"And gods have a lot more options," Loki purred, wiggling their fingers in mocking salute.

Lucifer looked at them. Looked at the gods gathered at their back, and the rings clenched in Sam's hand, and the raw, bright darkness that was Kali. Lucifer looked at them. And Lucifer fled.

Tried. Tried to flee. But not now. Not this time.

Coyote tripped him, a flash of movement and the smell of sweetgrass, laughing as he spun from the angel's hands. Castiel, with a slow, thoughtful look on his face, cast a ward of banishing on the outward wall, a quick sketch in his own blood while Gabriel looked on in fascination, and drove the once-archangel back inside. Samedi, solid, immovable, barred the door.

And Kali, bright, beautiful, terrible Kali, seized hold of the Devil's arm, and tugged him to her face. "Stay with us, Morningstar," she hummed, and pressed a searing kiss to his forehead as he struggled. She could not hold him long. Not Lucifer. But she did not have to.

As one, then, they turned to Loki. To Gabriel. To the Trickster and architect, and the pivot of their choice. And Gabriel, with his god inside his breast, with the soul of a jotun stretched to his fingertips, turned and offered his hands to Janus, the god of doorways, and Ganesh, who removed all obstacles from the path. He opened his hands to the gods, and together they drew open their own doorway.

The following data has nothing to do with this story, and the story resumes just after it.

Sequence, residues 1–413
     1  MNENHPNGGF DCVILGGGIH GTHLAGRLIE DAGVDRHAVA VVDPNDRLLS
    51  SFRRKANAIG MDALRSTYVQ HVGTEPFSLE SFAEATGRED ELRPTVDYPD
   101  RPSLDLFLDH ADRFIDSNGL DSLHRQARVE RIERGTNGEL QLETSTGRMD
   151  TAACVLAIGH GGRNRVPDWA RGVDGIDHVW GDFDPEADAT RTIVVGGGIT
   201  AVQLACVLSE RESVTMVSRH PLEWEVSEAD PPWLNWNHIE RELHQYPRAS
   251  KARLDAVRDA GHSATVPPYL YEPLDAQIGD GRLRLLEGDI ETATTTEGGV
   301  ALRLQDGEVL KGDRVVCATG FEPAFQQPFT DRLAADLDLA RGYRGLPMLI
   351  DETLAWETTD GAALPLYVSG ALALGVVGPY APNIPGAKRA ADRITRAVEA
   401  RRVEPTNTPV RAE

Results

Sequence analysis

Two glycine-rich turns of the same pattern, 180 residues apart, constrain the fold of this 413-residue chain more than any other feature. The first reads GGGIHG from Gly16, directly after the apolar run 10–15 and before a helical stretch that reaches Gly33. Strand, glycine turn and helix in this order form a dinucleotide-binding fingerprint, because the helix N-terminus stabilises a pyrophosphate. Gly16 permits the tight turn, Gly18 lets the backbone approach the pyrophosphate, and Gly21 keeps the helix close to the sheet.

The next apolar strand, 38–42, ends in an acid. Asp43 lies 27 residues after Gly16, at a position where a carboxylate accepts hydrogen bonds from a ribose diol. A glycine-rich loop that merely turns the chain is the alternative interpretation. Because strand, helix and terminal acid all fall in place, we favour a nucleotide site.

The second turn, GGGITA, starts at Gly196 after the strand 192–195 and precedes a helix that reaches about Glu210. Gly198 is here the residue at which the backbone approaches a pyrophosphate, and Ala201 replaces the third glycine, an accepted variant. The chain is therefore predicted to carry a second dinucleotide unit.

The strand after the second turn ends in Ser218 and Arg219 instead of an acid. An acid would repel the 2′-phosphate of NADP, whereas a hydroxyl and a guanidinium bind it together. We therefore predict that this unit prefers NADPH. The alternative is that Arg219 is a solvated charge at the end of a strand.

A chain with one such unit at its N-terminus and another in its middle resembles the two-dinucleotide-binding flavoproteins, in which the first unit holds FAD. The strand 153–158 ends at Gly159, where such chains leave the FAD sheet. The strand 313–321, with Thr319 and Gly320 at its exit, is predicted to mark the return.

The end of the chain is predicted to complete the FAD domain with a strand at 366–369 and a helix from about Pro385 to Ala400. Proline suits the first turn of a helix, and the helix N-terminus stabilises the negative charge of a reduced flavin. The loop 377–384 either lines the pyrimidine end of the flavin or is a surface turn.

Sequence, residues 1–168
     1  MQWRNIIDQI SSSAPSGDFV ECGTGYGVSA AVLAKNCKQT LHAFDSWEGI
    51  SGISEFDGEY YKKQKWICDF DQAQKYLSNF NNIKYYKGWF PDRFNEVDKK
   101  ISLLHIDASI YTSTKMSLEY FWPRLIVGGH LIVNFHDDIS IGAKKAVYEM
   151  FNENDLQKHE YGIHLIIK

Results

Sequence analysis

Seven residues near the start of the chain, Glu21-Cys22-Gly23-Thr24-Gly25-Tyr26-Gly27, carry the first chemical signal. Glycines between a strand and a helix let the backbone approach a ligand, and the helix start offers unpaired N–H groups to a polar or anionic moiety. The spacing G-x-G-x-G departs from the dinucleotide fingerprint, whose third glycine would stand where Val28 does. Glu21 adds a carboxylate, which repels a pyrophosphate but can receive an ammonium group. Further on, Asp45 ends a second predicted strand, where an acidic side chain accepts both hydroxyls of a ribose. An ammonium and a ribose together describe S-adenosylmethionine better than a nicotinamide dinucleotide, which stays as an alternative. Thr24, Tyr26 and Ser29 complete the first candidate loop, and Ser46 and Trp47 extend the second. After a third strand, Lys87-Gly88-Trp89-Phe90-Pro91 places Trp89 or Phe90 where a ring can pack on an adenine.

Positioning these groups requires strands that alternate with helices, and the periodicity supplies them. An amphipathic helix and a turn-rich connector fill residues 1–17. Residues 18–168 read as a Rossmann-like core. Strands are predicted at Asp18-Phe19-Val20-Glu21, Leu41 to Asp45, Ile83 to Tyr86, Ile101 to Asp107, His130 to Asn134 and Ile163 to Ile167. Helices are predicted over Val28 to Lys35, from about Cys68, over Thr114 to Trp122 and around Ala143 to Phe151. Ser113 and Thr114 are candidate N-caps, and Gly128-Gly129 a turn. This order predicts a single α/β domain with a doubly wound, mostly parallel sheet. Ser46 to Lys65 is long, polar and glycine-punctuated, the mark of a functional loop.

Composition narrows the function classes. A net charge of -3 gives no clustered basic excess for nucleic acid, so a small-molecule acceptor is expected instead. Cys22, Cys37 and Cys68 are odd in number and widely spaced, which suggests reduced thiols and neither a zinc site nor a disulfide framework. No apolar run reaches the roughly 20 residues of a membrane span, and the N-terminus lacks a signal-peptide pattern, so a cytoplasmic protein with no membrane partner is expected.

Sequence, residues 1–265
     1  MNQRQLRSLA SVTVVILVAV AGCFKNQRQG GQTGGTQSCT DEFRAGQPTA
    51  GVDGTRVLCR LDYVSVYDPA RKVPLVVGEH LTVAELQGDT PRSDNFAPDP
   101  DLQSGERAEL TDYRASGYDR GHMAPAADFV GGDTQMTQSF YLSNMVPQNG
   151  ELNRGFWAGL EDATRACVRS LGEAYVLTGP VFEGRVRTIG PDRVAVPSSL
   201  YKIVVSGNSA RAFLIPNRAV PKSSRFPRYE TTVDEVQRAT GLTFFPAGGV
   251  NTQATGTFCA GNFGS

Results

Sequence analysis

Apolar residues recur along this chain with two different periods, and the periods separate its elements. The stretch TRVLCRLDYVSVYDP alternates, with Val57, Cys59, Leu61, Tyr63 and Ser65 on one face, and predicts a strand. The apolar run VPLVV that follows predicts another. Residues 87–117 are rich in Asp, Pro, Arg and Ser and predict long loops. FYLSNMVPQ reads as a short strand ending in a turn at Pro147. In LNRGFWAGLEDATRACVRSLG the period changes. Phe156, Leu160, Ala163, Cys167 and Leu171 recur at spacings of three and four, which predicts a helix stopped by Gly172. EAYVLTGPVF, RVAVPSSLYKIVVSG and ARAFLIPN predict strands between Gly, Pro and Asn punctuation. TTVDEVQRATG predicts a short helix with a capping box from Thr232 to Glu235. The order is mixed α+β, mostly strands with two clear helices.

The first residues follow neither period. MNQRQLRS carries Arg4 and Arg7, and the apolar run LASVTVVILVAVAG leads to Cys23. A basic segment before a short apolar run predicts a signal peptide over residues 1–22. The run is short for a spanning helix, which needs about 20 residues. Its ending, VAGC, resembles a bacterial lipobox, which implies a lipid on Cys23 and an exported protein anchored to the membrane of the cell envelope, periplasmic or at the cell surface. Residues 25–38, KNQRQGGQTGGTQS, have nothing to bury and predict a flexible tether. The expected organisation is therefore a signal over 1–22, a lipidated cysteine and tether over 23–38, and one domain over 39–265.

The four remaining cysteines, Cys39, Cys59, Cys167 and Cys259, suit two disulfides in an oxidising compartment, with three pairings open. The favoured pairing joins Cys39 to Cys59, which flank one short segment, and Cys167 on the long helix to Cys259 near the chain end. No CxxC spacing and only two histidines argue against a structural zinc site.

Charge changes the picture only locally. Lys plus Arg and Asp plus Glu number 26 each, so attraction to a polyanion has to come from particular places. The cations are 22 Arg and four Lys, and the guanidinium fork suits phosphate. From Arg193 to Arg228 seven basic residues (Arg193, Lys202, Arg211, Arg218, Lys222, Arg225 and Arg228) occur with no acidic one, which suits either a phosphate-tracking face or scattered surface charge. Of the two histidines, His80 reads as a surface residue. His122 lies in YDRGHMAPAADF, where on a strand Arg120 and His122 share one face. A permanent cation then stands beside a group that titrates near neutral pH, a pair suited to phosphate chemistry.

The world twisted, turned upon itself, thinned and frayed into a window, a door. And through it ... For a moment, as it opened, they saw a tree, impossibly vast, stretching above and beneath and around, their world cradled in its branches, their lives hung upon its leaves. For a moment, and then the world tipped downwards, then the door opened lower, past the creeping ice and falling fire, past the dragon gnawing at it's roots, and touched ... something beyond. Some remnant, some shrunken opening, but what rested beyond was vast. What remained was infinite, a shimmering darkness, a yawning void. An opening, to something great beyond.

"... What is it?" whispered Sam, behind them. A human, stunned and hushed, but Gabriel wasn't much better. He was an archangel. He was born to awe.

"We call it Chaos," Janus murmured softly, his very being the door unto its embrace, his faces watching it with soft understanding. "To Kali, it is the Unmanifest. To Gabriel ... Father. But here, in this place and at this door ... it is Ginnungagap. The Yawning Void."

"Raw creation," Kali whispered, falling towards it, tugging the Devil in her wake. "The wellspring. The source." She laughed, turned to her prey. "Fight me there, Morningstar. Fight me over and over, as many times as we may fight and fall, and the world will not fall for it. This Midgard, this Earth, will not be touched. While we fight at the base of creation, our shudders will but gently rock them to sleep."